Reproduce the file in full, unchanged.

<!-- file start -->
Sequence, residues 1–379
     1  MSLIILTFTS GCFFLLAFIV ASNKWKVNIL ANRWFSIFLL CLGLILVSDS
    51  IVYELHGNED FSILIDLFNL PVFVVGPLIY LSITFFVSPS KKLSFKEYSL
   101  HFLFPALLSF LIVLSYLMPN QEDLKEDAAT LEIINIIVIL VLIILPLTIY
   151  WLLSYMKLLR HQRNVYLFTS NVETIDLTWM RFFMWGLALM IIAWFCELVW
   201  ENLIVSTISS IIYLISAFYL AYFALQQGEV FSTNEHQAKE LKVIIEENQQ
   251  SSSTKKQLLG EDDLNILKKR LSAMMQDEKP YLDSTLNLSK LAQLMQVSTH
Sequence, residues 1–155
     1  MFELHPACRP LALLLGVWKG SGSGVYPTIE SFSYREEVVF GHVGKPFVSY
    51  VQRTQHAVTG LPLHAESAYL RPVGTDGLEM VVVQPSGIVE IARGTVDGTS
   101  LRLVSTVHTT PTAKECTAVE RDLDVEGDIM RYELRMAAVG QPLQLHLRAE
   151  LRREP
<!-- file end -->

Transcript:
Sequence, residues 1–379
     1  MSLIILTFTS GCFFLLAFIV ASNKWKVNIL ANRWFSIFLL CLGLILVSDS
    51  IVYELHGNED FSILIDLFNL PVFVVGPLIY LSITFFVSPS KKLSFKEYSL
   101  HFLFPALLSF LIVLSYLMPN QEDLKEDAAT LEIINIIVIL VLIILPLTIY
   151  WLLSYMKLLR HQRNVYLFTS NVETIDLTWM RFFMWGLALM IIAWFCELVW
   201  ENLIVSTISS IIYLISAFYL AYFALQQGEV FSTNEHQAKE LKVIIEENQQ
   251  SSSTKKQLLG EDDLNILKKR LSAMMQDEKP YLDSTLNLSK LAQLMQVSTH
Sequence, residues 1–155
     1  MFELHPACRP LALLLGVWKG SGSGVYPTIE SFSYREEVVF GHVGKPFVSY
    51  VQRTQHAVTG LPLHAESAYL RPVGTDGLEM VVVQPSGIVE IARGTVDGTS
   101  LRLVSTVHTT PTAKECTAVE RDLDVEGDIM RYELRMAAVG QPLQLHLRAE
   151  LRREP